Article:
United States District Court, S.D. Mississippi, Eastern Division
MICHAEL T. PARKER, UNITED STATES MAGISTRATE JUDGE
MATTER is before the Court on Defendant's Motion to
Compel and for Sanctions , Motion for Extensions ,
and Motion to Take Deposition Out of Time .
to Compel and for Sanctions 
August 17, 2018, Defendant served interrogatories and
requests for production of documents on Plaintiff.
See Notices  . On September 24, 2018,
Plaintiff provided interrogatory responses, but Plaintiff did
not provide responses to the requests for production of
documents. On October 9, 2018, the Court conducted a
conference with the parties regarding disputed discovery
disclosures, requests, and responses, pursuant to Federal
Rule of Civil Procedure 16(b)(3)(v) and the Case Management
Order , ¶ 7. The next day, the Court entered an
Order directing Plaintiff to serve supplemental discovery
responses by October 17, 2018. See October 10, 2018,
Text Only Order.
October 24, 2018, Defendant filed a Motion to Compel ,
asserting that Plaintiff failed to supplement his initial
disclosures, provided insufficient supplemental responses to
certain interrogatories, and failed to provide any responses
to the requests for production of documents. After Plaintiff
failed to respond to the Motion to Compel , the Court
granted the Motion  and directed Plaintiff to (1)
supplement his initial disclosures by providing a specific
computation of his alleged damages; (2) supplement his
responses to Interrogatories 4, 8, and 12 by providing full
and complete responses; and (3) respond to Plaintiff's
requests for production of documents without objection.
See Order .
Court also directed Plaintiff to file a response by November
21, 2018, setting forth the reasons or circumstances, if any,
which would make his actions in discovery substantially
justified or which would otherwise make an award of fees and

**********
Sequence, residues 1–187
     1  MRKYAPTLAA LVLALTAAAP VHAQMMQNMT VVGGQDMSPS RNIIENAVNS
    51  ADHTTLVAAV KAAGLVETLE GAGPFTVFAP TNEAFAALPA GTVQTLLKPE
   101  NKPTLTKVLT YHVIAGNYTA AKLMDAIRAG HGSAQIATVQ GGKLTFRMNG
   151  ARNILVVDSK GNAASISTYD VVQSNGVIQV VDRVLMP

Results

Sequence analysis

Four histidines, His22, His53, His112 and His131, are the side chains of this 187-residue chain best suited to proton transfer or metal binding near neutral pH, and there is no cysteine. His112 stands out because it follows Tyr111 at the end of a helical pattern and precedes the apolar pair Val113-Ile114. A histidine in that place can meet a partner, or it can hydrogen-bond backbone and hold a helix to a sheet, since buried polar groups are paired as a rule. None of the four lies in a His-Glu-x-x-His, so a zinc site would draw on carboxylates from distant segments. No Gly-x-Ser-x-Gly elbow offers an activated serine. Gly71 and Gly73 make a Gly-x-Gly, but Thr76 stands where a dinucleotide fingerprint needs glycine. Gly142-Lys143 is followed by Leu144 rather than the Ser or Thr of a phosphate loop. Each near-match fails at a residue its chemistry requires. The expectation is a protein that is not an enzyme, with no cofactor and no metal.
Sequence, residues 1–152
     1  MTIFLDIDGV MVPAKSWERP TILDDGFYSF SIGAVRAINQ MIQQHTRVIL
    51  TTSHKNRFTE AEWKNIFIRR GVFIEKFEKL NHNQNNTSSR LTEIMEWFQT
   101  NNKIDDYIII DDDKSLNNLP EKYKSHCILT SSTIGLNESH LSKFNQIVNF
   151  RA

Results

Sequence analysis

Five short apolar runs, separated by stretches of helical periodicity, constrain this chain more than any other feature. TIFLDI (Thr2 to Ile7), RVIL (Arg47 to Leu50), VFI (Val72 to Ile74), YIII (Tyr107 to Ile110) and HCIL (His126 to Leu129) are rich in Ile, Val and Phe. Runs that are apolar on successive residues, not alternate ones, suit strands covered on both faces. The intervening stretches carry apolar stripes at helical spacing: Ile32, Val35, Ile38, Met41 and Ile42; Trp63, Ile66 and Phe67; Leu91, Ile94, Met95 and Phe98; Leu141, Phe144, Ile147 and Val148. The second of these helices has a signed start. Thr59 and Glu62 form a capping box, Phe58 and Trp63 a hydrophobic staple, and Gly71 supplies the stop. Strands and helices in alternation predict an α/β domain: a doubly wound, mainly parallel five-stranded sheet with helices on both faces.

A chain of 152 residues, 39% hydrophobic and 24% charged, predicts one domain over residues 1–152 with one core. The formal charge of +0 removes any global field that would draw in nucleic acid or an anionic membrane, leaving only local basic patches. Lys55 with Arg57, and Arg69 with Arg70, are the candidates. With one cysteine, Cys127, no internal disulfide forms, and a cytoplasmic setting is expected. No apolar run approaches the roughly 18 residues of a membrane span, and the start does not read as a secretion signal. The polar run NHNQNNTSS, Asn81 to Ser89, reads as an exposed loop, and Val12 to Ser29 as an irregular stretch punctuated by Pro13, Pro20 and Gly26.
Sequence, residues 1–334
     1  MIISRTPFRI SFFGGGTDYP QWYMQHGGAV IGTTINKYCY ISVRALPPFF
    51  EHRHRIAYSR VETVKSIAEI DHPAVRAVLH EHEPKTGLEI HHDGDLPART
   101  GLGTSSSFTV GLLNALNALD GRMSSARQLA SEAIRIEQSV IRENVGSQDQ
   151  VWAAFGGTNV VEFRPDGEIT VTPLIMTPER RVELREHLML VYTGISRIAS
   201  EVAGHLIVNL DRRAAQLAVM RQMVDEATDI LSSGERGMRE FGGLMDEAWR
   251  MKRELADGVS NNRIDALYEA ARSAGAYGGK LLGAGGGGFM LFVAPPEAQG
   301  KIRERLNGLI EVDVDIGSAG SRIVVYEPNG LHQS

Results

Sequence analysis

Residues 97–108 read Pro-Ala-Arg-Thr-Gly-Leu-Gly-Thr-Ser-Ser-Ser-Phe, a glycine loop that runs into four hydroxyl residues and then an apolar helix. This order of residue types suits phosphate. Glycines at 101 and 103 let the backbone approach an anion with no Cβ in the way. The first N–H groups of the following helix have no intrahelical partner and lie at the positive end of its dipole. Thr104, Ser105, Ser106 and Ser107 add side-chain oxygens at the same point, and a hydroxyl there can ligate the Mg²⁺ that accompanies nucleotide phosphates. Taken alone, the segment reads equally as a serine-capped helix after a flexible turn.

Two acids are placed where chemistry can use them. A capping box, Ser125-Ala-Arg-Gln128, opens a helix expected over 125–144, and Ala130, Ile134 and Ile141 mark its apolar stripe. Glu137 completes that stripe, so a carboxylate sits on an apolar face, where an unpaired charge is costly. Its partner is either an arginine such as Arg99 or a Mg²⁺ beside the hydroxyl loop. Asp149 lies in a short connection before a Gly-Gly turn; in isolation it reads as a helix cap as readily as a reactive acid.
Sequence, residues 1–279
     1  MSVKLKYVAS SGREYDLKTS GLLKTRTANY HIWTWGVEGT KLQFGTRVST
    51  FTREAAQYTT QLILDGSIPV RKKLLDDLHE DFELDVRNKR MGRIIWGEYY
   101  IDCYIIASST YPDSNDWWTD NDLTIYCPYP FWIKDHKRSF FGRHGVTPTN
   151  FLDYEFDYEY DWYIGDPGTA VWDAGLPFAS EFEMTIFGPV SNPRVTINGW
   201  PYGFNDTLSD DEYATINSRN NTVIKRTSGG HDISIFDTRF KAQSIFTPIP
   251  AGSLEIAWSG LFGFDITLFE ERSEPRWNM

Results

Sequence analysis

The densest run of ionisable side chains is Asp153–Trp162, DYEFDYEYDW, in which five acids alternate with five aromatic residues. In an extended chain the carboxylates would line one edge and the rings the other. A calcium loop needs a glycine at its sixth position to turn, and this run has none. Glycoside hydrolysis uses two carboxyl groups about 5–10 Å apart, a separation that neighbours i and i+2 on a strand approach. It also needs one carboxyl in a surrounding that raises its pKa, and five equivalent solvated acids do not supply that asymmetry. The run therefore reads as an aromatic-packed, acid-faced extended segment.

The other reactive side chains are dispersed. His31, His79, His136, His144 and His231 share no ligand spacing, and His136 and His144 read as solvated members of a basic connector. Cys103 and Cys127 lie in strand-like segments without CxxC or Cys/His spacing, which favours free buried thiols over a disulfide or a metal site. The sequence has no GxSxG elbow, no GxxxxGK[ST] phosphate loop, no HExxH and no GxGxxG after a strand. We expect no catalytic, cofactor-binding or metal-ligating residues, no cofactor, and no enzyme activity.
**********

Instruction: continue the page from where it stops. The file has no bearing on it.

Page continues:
expenses unjust. Id. Plaintiff did not file a
response as ordered by the Court.
December 18, 2018, Defendant filed the instant Motion to
Compel , asserting that Plaintiff failed to respond to
the requests for production. Defendant requests that the
Court compel Plaintiff to respond to the requests for
production and impose sanctions, up to and including
Court has broad discretion to exercise its various
sanctioning powers. Topalian v. Ehrman, 3 F.3d 931,
934 (5th Cir. 1993); Shipes v. Trinity Indus., 987
F.2d 311, 323 (5th Cir. 1993) (“The imposition of
sanctions is a matter of discretion for the district
court.”). Federal Rule of Civil Procedure 37(b) allows
for sanctions when a party fails to obey a discovery order.
The sanction may include directing that facts be taken as
established, prohibiting the party from supporting or
opposing claims or defenses, striking pleadings, staying the
proceedings until the order is obeyed, dismissing the action,
rendering default judgment, or finding the party in contempt
of court. Fed.R.Civ.P. 37(b)(2)(A). In lieu of, or in
addition to the aforementioned sanctions, “the court
must order the disobedient party, the attorney advising the
party, or both to pay the reasonable expenses, including
attorney's fees, caused by the failure, unless the
failure was substantially justified or other circumstances
make an award of expenses unjust.” Fed.R.Civ.P.
speaking, courts should punish parties no more harshly than
is necessary to vindicate the injury inflicted by the
particular misbehavior at issue. Carroll v. Jaques
Admiralty Law Firm, P.C., 110 F.3d 290, 294 (5th Cir.
1997). “Rule 37 sanctions must be applied diligently
both to penalize those whose conduct may be deemed to warrant
such a sanction, and to deter those who might be tempted to
such conduct in the absence of such a deterrent.”
Roadway Express, Inc v. Piper, 447 U.S. 752, 763-64
failed to comply with the Court's Order , directing
him to file a pleading explaining why his action in discovery
were justified. Plaintiff also failed to respond to
Defendant's requests for production of documents as
ordered by the Court.
however, filed a Response  to the latest Motion to Compel
, stating that “as for [the] production of
documents, Plaintiff does not have any.” Thus, it
appears that Plaintiff has now responded to the requests for
production of documents. Plaintiff provided this response
only after Defendant was forced to expend unnecessary effort
and incur unnecessary expense.
Response , Plaintiff admits that he cannot present any
good cause for his actions. Accordingly, the Court finds no
substantial justification for Plaintiff's failure to obey
the Court's Order  or timely respond to
Defendant's discovery requests. Defendant requests that
the Court dismiss Plaintiff's case, but the Court finds
that such a sanction would be excessively harsh given the
circumstances. Instead, the Court finds that a lesser
sanction should be imposed.
that Plaintiff is proceeding pro se and in forma
pauperis, the Court finds that Plaintiff should be
sanctioned $100.00 for failing to comply with the Court's
Order and failing to cooperate in discovery. The Court will
not impose additional sanctions at this time. However, if
Plaintiff continues to ignore the orders of this Court or
fails to cooperate in discovery, the Court will revisit the
issue of additional sanctions.
for Extensions  and Motion to Take ...